Thomas McCrie

The present Volume forms the first of A NEW AND UNIFORM EDITION OF THE WORKS OF THE LATE REV. THOMAS M’CRIE, D.D. This may be considered as the SEVENTH genuine edition of the Life of Knox.

The publlishers, in compliance with a very widely and warmly expressed desire on the part of the public, have considered it advisable to publish a uniform Edition of the Works of the respected Author; and the Life of Knox, as being at once the most popular of his works, and that which established the reputation of Dr M’Crie as an historian, has been deemed worthy of occupying the first place in the present issue.
It is needless, in this place, to expatiate on the intrinsic value of the Life of Knox. It has long held its place among the standard histories of the land. Under the engaging form of biography, it embraces the whole ecclesiastical history of the period to which it relates. The life of the Scottish Reformer is, in fact, the history of the Scottish Reformation. And in no other historical work will the facts of that period be found more clearly stated, or more fully authenticated. It would be equally superfluous to speak of the complete success which has crowned this first acknowledged effort of the Author in the field of history, - its triumphant refutation of the calumnies which had gathered around the name and darkened the memory of JOHN KNOX, - its almost immediate effect in placing him in the foremost rank among the patriots and benefactors of his country,- its gradual and growing influence in moulding the sentiments of thousands of readers, and in resuscitating the spirit and principles of our Reformation.
To this distinguished success, the character of the Author contributed fully as much as his talents. If the poet, the painter, or the musician, succeeds in proportion as he throws his whole soul into his composition, and catches the spirit of the theme which his genius aims to illustrate, it is not easy to see why the historian should be exempted from this rule, or what good reason there can be for supposing that impartiality in the statement of truth should be inconsistent with that enthusiasm which, in congenial minds, the love of the pure, the noble, and the great, must always inspire. This qualification Dr McCrie possessed in no ordinary degree; but while his heart beat in lofty sympathy with the hero whom he portrayed, and while his spirit rose with the subject before him, his high sense of integrity rendered him incapable of giving currency to falsehood, whether in the shape of hasty assertion, fraudful concealment, or wilful exaggeration. His mind, narrowed by no sectarian prejudices, was prepared to admire whatsoever was good and true in all parties and denominations. With the stern conscientiousness of the bench, he scanned the evidence placed before him on every side, and never ventured on a statement without satisfying himself that it rested on genuine and well-supported authority.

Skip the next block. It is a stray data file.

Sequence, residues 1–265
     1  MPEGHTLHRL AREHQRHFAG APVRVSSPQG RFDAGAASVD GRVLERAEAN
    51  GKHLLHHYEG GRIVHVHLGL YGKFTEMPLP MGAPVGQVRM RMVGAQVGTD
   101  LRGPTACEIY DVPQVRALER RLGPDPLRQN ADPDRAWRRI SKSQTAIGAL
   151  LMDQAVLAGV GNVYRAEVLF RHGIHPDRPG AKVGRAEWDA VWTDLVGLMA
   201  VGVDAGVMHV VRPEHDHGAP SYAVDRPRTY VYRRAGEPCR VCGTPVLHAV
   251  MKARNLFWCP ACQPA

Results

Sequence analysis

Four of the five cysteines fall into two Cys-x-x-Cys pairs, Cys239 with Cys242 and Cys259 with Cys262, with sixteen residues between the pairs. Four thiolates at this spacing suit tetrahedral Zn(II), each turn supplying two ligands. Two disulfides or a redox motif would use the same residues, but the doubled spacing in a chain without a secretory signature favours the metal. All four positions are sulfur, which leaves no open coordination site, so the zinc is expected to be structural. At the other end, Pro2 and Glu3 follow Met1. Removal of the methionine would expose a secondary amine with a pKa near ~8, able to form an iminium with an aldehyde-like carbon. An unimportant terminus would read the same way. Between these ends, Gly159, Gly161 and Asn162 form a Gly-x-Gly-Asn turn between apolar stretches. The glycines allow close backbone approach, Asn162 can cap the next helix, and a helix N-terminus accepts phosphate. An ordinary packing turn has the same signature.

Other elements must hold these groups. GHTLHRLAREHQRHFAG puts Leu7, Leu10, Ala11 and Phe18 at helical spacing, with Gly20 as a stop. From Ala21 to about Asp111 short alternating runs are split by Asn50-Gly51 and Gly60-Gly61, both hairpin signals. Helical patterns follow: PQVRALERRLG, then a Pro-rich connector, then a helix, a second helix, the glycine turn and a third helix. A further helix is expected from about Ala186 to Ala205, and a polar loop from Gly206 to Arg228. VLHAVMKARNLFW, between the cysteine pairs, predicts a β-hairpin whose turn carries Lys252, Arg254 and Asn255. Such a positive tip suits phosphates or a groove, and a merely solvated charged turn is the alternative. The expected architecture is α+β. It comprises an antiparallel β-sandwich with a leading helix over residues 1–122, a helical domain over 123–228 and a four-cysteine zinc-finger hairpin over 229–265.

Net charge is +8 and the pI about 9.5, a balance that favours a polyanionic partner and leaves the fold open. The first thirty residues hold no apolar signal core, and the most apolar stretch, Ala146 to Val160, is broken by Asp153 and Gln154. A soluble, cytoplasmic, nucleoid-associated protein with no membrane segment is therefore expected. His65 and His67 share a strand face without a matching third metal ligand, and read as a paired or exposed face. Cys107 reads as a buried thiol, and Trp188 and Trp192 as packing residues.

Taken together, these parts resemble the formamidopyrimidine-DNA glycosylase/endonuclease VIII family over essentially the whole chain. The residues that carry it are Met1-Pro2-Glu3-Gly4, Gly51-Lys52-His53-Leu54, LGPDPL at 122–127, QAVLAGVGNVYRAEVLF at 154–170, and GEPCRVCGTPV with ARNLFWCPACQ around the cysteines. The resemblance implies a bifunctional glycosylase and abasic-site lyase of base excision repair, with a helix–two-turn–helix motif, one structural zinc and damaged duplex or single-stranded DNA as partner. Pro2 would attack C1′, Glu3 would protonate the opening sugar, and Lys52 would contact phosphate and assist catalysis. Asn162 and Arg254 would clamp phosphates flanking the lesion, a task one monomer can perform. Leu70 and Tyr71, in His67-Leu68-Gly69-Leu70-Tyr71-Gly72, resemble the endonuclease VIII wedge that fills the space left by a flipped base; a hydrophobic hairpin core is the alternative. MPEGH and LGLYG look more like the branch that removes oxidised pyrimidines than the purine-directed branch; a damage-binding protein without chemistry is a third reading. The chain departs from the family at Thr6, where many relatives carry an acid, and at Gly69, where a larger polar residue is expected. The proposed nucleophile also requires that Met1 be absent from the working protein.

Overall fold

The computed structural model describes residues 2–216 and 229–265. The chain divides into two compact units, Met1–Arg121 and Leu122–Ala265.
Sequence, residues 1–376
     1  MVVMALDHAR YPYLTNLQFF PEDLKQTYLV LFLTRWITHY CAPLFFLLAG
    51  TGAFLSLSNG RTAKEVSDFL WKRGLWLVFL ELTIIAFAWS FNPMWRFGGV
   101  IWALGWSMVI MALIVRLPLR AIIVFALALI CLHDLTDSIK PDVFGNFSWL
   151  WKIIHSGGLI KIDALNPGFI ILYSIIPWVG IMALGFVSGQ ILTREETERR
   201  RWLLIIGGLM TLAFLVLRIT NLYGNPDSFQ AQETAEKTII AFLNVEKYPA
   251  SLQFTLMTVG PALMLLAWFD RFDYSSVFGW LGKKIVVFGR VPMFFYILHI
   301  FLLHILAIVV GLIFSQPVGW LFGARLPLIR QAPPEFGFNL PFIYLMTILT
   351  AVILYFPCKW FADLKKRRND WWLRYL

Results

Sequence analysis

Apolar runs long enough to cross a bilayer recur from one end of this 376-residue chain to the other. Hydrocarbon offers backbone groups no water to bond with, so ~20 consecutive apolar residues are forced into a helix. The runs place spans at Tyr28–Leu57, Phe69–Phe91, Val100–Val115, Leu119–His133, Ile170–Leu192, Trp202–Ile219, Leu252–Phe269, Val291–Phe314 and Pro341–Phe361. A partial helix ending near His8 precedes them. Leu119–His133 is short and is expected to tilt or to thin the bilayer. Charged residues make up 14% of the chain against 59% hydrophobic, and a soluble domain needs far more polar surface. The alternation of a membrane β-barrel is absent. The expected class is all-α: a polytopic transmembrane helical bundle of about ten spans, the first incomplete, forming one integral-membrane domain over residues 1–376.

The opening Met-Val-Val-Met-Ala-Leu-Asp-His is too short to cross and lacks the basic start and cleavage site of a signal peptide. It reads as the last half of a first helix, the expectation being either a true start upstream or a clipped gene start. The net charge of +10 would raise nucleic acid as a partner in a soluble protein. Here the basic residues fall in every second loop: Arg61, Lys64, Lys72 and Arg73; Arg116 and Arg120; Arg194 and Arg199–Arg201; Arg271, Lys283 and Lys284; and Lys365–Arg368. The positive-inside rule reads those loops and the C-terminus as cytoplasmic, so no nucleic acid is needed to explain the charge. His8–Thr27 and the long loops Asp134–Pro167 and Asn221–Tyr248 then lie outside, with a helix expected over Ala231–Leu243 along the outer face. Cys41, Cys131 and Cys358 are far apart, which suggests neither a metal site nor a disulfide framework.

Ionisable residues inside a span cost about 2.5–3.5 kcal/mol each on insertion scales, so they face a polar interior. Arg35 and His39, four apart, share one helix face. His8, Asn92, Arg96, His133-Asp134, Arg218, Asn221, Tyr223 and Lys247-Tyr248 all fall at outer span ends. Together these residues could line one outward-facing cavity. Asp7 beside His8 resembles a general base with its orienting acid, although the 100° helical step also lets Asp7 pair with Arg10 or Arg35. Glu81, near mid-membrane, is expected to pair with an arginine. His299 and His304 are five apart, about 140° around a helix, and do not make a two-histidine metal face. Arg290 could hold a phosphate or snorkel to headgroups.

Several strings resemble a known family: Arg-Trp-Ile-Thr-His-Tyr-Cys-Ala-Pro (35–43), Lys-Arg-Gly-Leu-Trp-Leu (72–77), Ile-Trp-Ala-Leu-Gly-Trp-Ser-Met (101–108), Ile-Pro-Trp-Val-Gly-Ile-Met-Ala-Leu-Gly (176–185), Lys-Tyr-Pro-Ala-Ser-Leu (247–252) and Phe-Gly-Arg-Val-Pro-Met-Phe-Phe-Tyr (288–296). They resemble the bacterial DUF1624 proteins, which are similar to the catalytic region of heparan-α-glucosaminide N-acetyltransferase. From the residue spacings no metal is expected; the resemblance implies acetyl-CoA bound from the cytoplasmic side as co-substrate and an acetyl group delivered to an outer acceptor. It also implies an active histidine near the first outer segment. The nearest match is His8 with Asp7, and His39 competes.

The consequence has been that not one of the leading facts in the Life of Knox has been disproved, or called in question, even by those who find it convenient to repeat the old exploded fabrications, as if no such Life had been written. A work so well authenticated, and so complete in itself, it has been thought unnecessary to attempt improving by any explanatory remarks or additional proofs. It has been here presented entire and untouched, as it appeared in the last edition revised by the Author.
If we may be permitted to judge from the popularity of the work with the higher and more select class of readers, we may safely anticipate a still higher measure of favour when it comes into the hands of the general public. John Knox was essentially a Man of the People; he was a type of the more high-souled, deep-thinking, and God-fearing of his countrymen, in the middle class of society; the people could not follow a sager or a safer leader; and the salutary influence which he exerted upon Scotland while he lived, may yet, to a large extent, be produced by his Life as recorded in these pages.
The Reformation from Popery marks an epoch unquestionably the most important in the history of modern Europe. The effects of the change which it produced, in religion, in manners, in politics, and in literature, continue to be felt at the present day. Nothing, surely, can be more interesting than an investigation of the history of that period, and of those men who were the instruments, under Providence, of accomplishing a revolution which has proved so beneficial to mankind. Though many able writers have employed their talents in tracing the causes and consequences of the Reformation, and though the leading facts respecting its progress in Scotland have been repeatedly stated, it occurred to me that the subject was by no means exhausted. I was confirmed in this opinion by a more minute examination of the ecclesiastical history of this country, which I began, for my own satisfaction, several years ago.
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